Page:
The triple top pattern is a bearish reversal pattern that occurs at the end of an uptrend and consists of three consecutive tops along with the same resistance level.
Here, in this article, we’ll show you how to trade triple top patterns, including some useful tips, and more.
What is the Triple Top Pattern?
As the name suggests, a triple top is a bearish technical analysis chart pattern that occurs after an uptrend and tests the highest price three times before it starts a bearish downward movement. After the price hits the third peak and falls below the neckline, the asset’s price is expected to continue falling and a trend reversal occurs.
Much like other reversal chart patterns, the triple tops pattern is used to predict the end of the previous trend and helps traders find good entry points.
In terms of structure and characteristics, triple top chart patterns are made of the first, second, and third peaks at the same level and a neckline that serves as a support level. It is similar to the double top pattern as well as the head and shoulders pattern. The head and shoulders pattern is only different in the the head rises above the two shoulders.
How to Identify and Use the Triple Top Pattern?
A triple top pattern occurs when an asset reaches a certain resistance level and cannot move above it.
When this happens twice, the chart pattern is known as the double top pattern, but when the price tests the highest level three consecutive times, the pattern is known as a triple top pattern and it provides a stronger trend reversal indicator than the double top pattern.
Here’s how a triple top pattern works on a trading chart:
As you can see in the NZD/USD 30 minute chart above, the price stops at the resistance level three times and then falls below the neckline. This is how the triple top chart pattern works. As we said before, it is a fairly simple chart pattern, especially when compared to other advanced patterns.
So, in a nutshell – to identify, use and trade triple top chart patterns, follow these 5 steps below.
- Identify three tops at a resistance line that appear after a bullish trend
- Draw a support line around the lows of all price swings
- Wait until the price breaks below the support neckline
- Draw Fibonacci retracement levels or add the MACD indicator
- Enter a short position with a stop loss at or slightly above the neckline
How to Trade the Triple Top Candlestick Pattern?
In essence, using a triple top pattern is straightforward and the rules are simple to follow. Whenever you find a chart pattern with three tops and a break below the neckline, a short sell trade should be made.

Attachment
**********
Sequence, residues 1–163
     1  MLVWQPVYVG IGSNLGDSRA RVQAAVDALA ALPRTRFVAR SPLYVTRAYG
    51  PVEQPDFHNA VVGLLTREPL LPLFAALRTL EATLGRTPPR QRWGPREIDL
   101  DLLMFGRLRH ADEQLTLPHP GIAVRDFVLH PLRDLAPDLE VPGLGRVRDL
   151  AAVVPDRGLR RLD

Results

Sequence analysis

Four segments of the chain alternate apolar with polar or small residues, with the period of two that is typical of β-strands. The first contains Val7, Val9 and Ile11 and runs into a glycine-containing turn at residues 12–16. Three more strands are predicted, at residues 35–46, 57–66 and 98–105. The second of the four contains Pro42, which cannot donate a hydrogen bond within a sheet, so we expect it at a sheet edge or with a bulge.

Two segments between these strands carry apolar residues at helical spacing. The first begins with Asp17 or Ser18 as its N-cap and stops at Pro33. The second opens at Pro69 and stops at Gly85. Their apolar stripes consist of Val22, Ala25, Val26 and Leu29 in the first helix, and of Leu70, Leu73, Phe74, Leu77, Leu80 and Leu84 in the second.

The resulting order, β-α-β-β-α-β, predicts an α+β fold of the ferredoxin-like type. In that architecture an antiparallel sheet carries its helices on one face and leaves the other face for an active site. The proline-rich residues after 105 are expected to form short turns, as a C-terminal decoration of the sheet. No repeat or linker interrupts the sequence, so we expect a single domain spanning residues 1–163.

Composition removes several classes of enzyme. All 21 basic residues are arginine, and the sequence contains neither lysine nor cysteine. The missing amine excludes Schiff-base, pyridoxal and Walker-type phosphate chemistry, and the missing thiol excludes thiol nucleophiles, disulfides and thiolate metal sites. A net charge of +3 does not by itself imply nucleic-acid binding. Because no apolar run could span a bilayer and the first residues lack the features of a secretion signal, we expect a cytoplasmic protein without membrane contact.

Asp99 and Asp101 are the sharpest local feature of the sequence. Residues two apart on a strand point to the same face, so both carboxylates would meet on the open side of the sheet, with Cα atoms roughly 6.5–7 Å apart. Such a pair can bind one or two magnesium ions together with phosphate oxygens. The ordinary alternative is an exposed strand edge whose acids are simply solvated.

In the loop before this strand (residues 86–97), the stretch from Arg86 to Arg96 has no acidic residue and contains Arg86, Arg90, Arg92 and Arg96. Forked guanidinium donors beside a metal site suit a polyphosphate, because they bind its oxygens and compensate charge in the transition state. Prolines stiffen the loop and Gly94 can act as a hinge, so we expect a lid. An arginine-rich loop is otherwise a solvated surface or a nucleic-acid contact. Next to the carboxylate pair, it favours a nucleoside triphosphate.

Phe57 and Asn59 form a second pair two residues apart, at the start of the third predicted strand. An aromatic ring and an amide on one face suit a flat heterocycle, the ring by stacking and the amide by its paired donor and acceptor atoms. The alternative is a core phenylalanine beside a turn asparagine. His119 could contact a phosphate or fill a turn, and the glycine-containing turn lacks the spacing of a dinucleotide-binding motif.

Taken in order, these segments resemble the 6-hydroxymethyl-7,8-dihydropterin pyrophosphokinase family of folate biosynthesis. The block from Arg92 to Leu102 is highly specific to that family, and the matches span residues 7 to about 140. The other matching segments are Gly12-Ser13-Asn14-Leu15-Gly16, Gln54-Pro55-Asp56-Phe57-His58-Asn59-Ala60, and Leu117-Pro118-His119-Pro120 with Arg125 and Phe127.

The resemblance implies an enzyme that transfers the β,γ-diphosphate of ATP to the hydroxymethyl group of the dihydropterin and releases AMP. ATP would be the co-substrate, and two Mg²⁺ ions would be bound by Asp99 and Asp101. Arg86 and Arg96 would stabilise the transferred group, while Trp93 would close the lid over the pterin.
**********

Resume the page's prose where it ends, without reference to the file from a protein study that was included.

However, to increase the chances of success, it is important to confirm the pattern with other technical indicators and develop an effective trading strategy. For that purpose, we have decided to show you two examples – the triple top pattern combined with Fibonacci levels and the MACD (Moving Average Convergence Divergence).
1. Moving Average Convergence Divergence (MACD) and Triple Top Pattern
The MACD is a technical analysis indicator primarily used to identify trend reversals. Normally, in all trading platforms including the popular MT4, you’ll be able to add this indicator and get another confirmation for a change in momentum.
For this demonstration, we use the same chart from the above example but this time, we added the MACD indicator as another tool to confirm that the breakout below the neckline is not a false breakout. As you can see, the MACD crossover occurs exactly at the time the price breaks the neckline, which helps to confirm the trend reversal.
2. Fibonacci Retracement Levels and Triple Top Chart Patterns
Another great way to confirm a trend reversal when using the this bearish candlestick pattern is to draw Fibonacci retracement levels. From the example below you can see how the 50% Fibonacci retracement level can be used as another confirmation tool to enter a trade after the breakout.
Further, in this case, a trader can place the stop-loss order at a Fibonacci level above the neckline and ensure the stop loss will not be triggered too early.
In our example, the 50% Fibonacci level could be a good entry level with a stop-loss order at the 61.8% Fibonacci level.
Finally, when the price breaks the neckline and falls again after the retest of the 61.8% Fibonacci level, the start of the bearish trend is confirmed and the price target should be set at one of the Fibonacci levels (or below using Fibonacci extension levels).
For both triple top trading strategy combinations, don’t forget to use proper risk management. Place your stop losses slightly above the neckline of the candlestick formation.
The Triple Top Pattern – Pros and Cons
These are the most common pros and cons of trading the triple top pattern:
- Easy to identify
- Among the most accurate and reliable trend reversal patterns
- A great method to identify trend reversals
- Not occurs very often
- Stop-loss can be triggered when the price pulls back (Fibonacci levels can be used to solve this problem)
Everything About the Triple Top Pattern in One Video
Watch our video for more information on how to identify and trade the triple top pattern.
In conclusion, here are the key takeaways:
- The triple top pattern is a bearish trend reversal pattern that is made of three peaks and is confirmed by a price break below the neckline
- Other technical analysis tools can be combined with the triple top pattern including Fibonacci retracement levels and moving average convergence divergence
- When trading the triple top pattern, a stop-loss should be placed slightly above the resistance neckline
Related Chart Patterns to the Triple Top Pattern
Here are the other chart patterns that are related to the triple top pattern:
- Inverse Cup and Handle Chart Pattern
- Triple Bottom Pattern
- Double Top Pattern
- Double Bottom Pattern
- Head and Shoulders Pattern